Rep. Scott PerryScott Gordon Perry25 House Republicans defy leadership in key spending bill vote Spending bill to strengthen background checks for gun purchases Congress may pass background check legislation in funding bill MORE (R-Pa.) described the atmosphere inside the GOP conference room as “tense,” while Rep. Louie GohmertLouis (Louie) Buller GohmertDoug Collins to run for House Judiciary chair Congress votes to expand deficit — and many in GOP are unhappy 25 House Republicans defy leadership in key spending bill vote MORE (R-Texas) said it was “kind of depressing” to think Republicans could be responsible for adding billions of dollars to the deficit when they control all the levers of power in Washington.

“It’s too much money,” Perry said.

Rep. Matt GaetzMatthew (Matt) GaetzMichael Steele: Congress must lead on cannabis reform and stand with the American public Sessions fires McCabe from FBI Conservatives press for action on FBI bias MORE (R-Fla.) quipped that fiscal hawks might now be an “endangered species.”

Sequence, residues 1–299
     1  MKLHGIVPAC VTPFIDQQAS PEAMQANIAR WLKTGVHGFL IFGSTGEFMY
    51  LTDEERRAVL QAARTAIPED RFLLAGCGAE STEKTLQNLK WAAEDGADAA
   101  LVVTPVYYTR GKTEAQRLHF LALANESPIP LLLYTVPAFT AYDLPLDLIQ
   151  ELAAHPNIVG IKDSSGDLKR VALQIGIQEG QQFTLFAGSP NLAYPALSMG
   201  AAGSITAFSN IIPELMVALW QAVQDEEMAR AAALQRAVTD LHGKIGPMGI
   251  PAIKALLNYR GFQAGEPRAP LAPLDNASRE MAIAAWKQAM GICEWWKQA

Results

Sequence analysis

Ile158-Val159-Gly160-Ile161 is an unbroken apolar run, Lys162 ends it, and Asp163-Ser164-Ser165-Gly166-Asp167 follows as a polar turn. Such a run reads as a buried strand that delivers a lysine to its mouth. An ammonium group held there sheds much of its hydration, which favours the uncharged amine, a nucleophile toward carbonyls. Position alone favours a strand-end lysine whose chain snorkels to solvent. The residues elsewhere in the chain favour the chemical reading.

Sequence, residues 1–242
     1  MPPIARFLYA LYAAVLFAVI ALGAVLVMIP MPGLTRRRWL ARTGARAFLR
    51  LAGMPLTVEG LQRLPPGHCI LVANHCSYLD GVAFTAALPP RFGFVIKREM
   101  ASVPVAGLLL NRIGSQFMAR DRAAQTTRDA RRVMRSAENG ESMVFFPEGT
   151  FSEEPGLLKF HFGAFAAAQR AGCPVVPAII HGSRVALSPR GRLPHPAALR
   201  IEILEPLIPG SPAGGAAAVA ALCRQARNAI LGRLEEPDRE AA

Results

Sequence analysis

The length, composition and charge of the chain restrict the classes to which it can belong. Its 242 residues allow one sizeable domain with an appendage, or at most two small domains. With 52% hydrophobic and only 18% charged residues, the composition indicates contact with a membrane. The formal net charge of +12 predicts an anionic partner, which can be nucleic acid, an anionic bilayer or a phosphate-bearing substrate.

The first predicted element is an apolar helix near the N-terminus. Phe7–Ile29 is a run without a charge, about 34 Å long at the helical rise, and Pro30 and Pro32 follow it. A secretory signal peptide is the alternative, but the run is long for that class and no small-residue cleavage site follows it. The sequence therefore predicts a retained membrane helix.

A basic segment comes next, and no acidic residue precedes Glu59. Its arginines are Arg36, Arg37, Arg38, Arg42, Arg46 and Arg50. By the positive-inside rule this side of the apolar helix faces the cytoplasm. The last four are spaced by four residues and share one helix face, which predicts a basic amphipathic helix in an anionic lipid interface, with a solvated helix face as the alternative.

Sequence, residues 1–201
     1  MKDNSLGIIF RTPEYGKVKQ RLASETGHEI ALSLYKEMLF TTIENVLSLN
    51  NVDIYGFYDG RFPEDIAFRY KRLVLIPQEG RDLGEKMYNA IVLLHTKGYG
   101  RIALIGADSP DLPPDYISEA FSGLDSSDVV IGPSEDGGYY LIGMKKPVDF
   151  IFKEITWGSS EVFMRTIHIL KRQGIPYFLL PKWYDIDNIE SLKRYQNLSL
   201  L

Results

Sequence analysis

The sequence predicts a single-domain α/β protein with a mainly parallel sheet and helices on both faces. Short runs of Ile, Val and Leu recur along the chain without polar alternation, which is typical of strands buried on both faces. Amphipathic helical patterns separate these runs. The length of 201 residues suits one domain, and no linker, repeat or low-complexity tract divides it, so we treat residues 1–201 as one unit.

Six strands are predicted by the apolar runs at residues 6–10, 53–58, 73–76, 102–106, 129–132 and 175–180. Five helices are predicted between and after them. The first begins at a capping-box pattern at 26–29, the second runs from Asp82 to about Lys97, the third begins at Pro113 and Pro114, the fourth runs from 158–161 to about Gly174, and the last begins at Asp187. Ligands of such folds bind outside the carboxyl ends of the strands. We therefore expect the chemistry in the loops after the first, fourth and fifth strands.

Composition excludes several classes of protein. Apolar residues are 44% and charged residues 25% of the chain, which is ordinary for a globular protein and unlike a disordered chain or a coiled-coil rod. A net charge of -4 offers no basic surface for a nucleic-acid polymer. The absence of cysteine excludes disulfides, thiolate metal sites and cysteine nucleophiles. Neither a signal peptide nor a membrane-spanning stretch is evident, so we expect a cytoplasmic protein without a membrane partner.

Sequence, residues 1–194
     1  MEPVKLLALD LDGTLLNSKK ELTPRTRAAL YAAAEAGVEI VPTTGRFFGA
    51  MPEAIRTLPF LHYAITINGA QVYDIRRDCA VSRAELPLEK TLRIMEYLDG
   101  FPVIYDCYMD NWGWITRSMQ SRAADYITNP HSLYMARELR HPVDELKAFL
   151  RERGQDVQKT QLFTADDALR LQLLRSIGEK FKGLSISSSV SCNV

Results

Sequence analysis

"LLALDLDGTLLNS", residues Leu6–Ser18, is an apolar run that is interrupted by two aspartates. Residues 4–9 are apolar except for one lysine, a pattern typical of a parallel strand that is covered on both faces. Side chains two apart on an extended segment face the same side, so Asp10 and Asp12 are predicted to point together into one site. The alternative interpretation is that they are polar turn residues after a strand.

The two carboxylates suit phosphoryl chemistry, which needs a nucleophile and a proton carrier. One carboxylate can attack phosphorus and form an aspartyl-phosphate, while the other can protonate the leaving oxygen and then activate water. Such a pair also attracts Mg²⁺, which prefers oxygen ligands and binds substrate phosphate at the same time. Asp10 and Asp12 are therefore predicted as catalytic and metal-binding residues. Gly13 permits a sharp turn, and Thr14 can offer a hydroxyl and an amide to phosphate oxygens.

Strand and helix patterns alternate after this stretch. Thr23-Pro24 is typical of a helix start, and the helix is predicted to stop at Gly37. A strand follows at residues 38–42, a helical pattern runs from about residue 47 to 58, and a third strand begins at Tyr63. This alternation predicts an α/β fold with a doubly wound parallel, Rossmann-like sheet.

Meadows and Reps. Jim JordanJames (Jim) Daniel JordanDoug Collins to run for House Judiciary chair House Republicans grumble about the 'worst process ever' 25 House Republicans defy leadership in key spending bill vote MORE (R-Ohio) and Warren DavidsonWarren Earl Davidson25 House Republicans defy leadership in key spending bill vote Baffled Republicans distance themselves from Trump on guns Burned by the budget, right warns Ryan on immigration MORE (R-Ohio) were among the members who stood up during the conference meeting to vent their frustration, lawmakers in the room said.

Retiring House Financial Services Committee Chairman Jeb HensarlingThomas (Jeb) Jeb HensarlingOvernight Finance: Lawmakers race to finalize omnibus | What we know about funding bill | White House on board | Fed raises rates for first time under Powell Power struggle threatens to sink bank legislation Despite Senate vote, Dodd-Frank reform is far from a done deal MORE (R-Texas), a close Ryan friend, also railed against lifting the debt ceiling, sources said.